Once you have some sort of structured idea, write it up in your voice. Style is often used synonymously with voice, and literally means the manner in which you convey your ideas. Your approach, your panache, your thing that makes you unique and/or interesting. Some people remain deliberately formal, write in lists, string words together in a peculiar way, weave their spoken vernacular into writing, or establish a consistent tone of voice (humorous, authoritative, a founding member of the old folks convention, elitist douche, etc.) throughout all their work. Whatever style you find works for you, own it and remain true to your voice. If you have an audience, chances are they're not only coming back for content, but for you.
So you're classy. You can compose a logically structured analysis of your office's many leather bound books and write it like you're a sports commentator. Whammy! Now, does your article make any sense? Many folks mistake "conversational" with "puking words out into a garbled document." The "conversational" idea is that you want to communicate with your readers in a relaxed setting while putting them at ease—not confusing them with awkward syntax and poor grammar. Conversational usually translates into easier-to-read, which harkens back to an earlier post on Flesch-Kincaide testing. Think about it like this: how do you talk to your friends when you're having a marginally intelligent conversation? Remember that your blog isn't always talking to friends, and upgrade the language half a notch.
Maybe you are talking to friends, and disseminating information isn't the primary focus of your blog. Let's be honest here; do you read every single blog that chronicles a raider's experiences through Karazhan? Which ones do you read and why? I'm going to make a blanket assumption that you're going back for more because you appreciate the writer's layout and personality, not because you want to know everything in the world about an early-BC instance that's almost two years old. But what else piques your curiosity? I like learning, and I enjoy reading different interpretations of classes, skills, talents, and raid roles—it's part of why I blog.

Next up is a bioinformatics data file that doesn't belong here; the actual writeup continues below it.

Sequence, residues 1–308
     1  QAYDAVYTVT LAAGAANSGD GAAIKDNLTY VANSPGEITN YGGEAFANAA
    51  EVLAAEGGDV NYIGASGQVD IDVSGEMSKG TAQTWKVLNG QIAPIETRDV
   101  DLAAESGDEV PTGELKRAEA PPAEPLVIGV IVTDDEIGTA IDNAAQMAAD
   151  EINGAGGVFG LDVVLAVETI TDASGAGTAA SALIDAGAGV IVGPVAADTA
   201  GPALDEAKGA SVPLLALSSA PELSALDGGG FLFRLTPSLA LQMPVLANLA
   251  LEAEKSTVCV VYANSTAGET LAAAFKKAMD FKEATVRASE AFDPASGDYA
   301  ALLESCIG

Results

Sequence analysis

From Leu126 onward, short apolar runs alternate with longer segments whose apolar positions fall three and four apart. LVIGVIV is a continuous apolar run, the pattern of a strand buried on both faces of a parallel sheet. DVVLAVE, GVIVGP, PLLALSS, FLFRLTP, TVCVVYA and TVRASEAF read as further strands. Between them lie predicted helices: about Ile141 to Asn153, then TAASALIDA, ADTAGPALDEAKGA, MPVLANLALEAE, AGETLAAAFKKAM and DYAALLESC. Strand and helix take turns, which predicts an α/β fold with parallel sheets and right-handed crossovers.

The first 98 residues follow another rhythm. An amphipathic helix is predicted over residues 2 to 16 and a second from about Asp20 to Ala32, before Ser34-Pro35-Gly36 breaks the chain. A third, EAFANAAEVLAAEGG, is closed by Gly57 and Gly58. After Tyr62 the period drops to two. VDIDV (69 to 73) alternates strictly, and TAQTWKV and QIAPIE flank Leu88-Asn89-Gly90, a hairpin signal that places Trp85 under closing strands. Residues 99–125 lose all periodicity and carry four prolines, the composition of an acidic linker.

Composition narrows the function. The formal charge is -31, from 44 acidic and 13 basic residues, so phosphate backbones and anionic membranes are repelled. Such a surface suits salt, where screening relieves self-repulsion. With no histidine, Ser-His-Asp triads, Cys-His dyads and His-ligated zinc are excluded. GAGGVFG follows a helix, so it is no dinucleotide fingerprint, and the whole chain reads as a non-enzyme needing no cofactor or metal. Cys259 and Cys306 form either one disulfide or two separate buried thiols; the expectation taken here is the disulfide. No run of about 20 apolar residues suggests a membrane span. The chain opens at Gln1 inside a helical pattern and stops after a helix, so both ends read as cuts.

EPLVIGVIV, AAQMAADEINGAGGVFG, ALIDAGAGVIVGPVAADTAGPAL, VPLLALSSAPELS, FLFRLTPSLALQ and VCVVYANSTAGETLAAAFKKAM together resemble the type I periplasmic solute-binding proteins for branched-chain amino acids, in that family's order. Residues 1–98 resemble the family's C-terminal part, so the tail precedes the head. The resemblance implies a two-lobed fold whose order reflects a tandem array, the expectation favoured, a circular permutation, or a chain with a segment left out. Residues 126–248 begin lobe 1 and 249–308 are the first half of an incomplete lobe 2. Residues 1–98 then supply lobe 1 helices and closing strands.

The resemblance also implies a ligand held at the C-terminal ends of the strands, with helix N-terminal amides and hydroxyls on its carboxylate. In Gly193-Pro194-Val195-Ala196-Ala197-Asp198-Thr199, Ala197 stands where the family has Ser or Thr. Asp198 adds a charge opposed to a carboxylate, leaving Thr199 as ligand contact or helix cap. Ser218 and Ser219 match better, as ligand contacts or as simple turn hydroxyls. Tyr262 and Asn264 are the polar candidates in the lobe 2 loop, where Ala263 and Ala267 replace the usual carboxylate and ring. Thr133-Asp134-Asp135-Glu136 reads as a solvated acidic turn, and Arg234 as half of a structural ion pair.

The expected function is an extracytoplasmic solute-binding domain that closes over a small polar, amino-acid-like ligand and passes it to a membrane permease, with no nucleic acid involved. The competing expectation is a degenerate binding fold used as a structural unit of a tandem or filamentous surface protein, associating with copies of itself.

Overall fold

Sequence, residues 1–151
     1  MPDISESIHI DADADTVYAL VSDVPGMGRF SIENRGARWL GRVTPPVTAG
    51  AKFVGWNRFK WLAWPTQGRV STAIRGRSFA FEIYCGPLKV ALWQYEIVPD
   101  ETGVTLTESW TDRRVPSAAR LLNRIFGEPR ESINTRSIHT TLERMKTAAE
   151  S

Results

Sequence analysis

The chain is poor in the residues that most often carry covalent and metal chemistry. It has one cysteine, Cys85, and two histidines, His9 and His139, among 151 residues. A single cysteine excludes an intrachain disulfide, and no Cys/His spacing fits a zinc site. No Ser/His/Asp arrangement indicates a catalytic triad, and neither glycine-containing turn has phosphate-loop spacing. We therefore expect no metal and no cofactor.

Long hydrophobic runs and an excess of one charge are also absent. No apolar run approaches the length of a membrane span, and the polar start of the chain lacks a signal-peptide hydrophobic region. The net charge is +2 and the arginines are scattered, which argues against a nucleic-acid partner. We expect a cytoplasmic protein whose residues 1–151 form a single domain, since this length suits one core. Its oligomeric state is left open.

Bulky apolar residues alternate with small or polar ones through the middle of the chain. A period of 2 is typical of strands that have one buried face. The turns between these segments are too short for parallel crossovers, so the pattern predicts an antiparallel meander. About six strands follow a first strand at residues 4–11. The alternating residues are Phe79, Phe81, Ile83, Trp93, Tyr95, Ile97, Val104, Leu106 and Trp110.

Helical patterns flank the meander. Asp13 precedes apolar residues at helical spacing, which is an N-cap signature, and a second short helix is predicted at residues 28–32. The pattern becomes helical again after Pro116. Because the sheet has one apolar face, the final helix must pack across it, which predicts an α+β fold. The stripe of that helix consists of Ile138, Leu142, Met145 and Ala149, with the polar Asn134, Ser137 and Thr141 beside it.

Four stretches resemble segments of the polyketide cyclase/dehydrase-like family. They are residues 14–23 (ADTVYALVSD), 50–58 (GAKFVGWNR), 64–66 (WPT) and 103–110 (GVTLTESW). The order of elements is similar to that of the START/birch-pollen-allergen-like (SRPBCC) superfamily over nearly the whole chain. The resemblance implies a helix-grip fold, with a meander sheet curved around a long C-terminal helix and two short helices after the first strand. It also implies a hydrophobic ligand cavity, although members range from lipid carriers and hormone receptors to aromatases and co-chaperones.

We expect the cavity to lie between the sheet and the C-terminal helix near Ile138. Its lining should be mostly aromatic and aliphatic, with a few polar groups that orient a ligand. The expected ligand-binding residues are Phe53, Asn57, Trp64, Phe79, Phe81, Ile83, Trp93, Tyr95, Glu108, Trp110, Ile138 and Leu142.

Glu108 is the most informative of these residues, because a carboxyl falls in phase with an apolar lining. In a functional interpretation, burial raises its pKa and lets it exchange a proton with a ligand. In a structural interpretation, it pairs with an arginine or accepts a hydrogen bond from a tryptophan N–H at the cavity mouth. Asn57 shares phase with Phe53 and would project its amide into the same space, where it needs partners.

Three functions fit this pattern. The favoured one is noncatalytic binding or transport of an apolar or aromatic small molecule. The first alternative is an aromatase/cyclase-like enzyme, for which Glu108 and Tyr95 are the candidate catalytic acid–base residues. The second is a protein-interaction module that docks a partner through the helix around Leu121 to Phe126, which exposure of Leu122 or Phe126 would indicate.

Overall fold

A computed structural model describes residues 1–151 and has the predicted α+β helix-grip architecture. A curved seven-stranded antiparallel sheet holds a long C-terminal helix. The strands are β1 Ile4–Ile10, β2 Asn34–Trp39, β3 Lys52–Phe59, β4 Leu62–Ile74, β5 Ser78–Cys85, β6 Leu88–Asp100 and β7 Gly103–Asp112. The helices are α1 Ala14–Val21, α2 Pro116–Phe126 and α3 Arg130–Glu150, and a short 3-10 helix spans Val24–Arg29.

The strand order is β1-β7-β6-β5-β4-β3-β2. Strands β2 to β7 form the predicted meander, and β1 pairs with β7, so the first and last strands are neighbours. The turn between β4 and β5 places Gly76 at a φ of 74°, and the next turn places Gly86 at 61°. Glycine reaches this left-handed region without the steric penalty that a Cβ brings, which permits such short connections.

Taking that first step into the realm of assertions and/or theorycrafting requires knowledge. While everyone is entitled to a mistake or two (I know that I've certainly made a few), glaring misunderstandings about the class you play will alienate your readers. Just because you're not raiding in Sunwell doesn't mean you can't put in the time and effort to maximize your performance at your own level—there are plenty of resources out there for fact-checking. Ultimately, if you're unsure of what you're writing, don't post it, ask a fellow blogger to proof it, or at least add a general disclaimer citing speculation.
Do I need to follow all of that bullshit you outlined?
Well, no. As someone who writes for a living, I'm just outlining components of writing I feel to be successful, and what I look for when I'm skimming other blogs. I love unique voices and eloquent sentence structuring, and beyond that, I enjoy learning about the various niches of druids and other classes. The more knowledge you gather about the way other classes function can only enhance the way you play yours.